Irrigation controller maintenance used to mean that a contractor had to spend hours systematically working through clients’ properties, fixing small problems as they came up.
Now, as smart irrigation controllers are more connected than ever, that information is going straight to the contractor. But as controllers get smarter, they’re also gaining new ways to gather and analyze the data they’re collecting.
From a homeowner perspective, more clients are looking for controllers with wireless or online capabilities, says Anthony Long, product manager at Hunter Industries Inc. of San Marcos, California.
“We’re seeing the transition away from the dial controller I used to have on my wall that I never touched, to an automatic controller that I can talk to via my phone,” Long says.
Having the ability to connect via smart device makes clients more prone to interact with their overall water usage, he says. They’re more inclined to make small adjustments to the program because it’s convenient on their phones.
A controller that’s operated via Bluetooth or wireless capabilities makes maintenance more straightforward, says Mike Merlesena, national commercial sales manager for Dig Corp., of Vista, California.
“People like it because they don’t have to go into the valve box,” Merlesena says. “They can have the full screen pulled up on their smart device. It makes programming a lot easier.”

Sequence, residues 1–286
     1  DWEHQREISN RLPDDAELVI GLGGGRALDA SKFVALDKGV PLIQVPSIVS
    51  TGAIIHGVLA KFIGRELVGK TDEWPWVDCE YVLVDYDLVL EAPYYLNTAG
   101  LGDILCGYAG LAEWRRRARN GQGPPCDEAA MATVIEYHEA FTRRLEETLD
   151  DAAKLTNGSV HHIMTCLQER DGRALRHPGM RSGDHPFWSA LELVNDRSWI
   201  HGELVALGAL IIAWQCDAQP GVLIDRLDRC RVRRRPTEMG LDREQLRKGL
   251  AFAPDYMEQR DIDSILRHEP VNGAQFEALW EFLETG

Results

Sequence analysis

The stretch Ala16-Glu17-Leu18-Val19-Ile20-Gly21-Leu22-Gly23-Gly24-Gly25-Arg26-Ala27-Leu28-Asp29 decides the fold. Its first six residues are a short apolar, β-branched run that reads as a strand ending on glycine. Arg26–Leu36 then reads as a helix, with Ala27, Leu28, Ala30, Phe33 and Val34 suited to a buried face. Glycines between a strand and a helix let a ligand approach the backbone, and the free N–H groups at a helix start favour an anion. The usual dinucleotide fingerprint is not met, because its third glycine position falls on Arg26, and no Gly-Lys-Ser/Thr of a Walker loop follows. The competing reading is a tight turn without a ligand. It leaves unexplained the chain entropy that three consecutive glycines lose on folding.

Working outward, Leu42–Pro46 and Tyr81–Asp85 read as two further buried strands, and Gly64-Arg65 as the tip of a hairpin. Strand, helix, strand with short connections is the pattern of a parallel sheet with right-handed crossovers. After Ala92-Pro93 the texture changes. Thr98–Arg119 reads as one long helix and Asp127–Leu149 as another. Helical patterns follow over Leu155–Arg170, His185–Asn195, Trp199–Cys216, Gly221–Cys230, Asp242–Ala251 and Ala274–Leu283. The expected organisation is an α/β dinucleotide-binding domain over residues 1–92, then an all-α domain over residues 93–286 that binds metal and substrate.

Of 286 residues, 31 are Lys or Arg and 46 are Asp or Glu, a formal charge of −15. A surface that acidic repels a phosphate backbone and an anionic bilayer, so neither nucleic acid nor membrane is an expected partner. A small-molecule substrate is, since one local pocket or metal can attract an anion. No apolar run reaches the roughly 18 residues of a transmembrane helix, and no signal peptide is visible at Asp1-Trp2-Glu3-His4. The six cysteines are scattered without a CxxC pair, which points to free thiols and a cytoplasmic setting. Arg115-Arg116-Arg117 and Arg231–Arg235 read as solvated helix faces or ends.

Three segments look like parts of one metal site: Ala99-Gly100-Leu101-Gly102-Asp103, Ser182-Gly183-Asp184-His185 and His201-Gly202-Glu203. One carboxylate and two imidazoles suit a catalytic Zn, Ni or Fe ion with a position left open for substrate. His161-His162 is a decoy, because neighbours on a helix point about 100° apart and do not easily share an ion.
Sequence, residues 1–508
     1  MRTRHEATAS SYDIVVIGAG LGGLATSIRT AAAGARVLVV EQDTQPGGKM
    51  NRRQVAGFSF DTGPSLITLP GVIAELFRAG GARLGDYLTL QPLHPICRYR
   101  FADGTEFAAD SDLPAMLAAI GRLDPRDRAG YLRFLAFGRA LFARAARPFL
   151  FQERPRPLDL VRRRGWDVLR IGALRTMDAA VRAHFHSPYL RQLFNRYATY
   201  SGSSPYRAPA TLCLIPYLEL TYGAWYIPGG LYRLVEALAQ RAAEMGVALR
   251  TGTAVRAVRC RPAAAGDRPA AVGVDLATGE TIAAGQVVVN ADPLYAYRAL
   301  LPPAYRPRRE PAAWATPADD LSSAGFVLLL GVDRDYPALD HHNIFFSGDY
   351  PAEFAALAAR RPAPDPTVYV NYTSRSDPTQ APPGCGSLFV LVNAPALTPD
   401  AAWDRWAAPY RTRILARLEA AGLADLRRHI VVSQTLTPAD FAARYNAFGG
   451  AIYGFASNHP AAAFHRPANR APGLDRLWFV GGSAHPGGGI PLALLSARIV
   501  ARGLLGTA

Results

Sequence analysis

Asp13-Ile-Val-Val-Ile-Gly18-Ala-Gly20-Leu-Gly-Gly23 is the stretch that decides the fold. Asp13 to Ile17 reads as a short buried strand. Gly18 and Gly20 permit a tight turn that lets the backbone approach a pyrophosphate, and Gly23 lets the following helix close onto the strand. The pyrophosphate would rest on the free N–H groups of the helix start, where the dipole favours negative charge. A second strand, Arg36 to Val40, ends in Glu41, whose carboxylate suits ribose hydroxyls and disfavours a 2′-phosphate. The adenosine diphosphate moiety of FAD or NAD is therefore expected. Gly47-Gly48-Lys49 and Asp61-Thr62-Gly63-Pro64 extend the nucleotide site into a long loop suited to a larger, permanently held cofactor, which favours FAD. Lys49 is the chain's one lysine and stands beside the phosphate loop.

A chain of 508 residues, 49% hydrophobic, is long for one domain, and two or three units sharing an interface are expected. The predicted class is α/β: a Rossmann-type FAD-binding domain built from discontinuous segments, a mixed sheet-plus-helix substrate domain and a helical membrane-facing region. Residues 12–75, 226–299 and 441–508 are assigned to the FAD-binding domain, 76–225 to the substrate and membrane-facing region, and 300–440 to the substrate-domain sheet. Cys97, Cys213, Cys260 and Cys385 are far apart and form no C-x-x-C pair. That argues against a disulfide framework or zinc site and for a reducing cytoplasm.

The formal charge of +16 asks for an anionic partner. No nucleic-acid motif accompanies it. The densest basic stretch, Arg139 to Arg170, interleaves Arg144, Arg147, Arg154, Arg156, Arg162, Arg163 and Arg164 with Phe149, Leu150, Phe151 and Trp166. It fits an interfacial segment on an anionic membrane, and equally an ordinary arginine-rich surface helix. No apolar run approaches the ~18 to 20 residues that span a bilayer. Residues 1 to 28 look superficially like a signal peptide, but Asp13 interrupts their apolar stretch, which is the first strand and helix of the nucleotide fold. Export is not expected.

Connected devices collect more information that can be used to narrow down issues with a system, Long says. Monitoring the electrical current can point to a solenoid or broken wire, for example.
Wireless technology can also help in troubleshooting, says A.J. van de Ven, president of Calsense, based in Carlsbad, California. If a system’s not acting correctly, a contractor can connect using a separate controller to test it without having to worry about dealing with wiring. That can give the contractor a head start in identifying if the problem is with the controller or the device itself.
Digging into data
The main thing Long sees in new trends is a drive for more automatic responses based on collected data such as weather, he says.
“They want to look at the local weather that they’re experiencing at their house, and they want that to influence and change the program,” he says. “They want to have the ability to do it manually, but what they really want is for the controller to handle itself.”
Weather data analysis is most helpful when it’s predictive, says Richard Restuccia, vice president of water management solutions at Jain Irrigation Systems Ltd., in Fresno, California.
“I can water today based on what’s happened yesterday and the day before and the week before, but what is equally important is what’s going to happen tomorrow. Why would I irrigate today if it’s going to rain tomorrow?” Restuccia says.
Predictive analysis will be a feature that more controller manufacturers will be focusing on, he says.
Besides customers being too busy to worry about the day-to-day changes of the irrigation system, data from water districts show that homeowners aren’t usually very efficient at it, Long says. Being able to manage irrigation both remotely and automatically makes most properties much more water-efficient.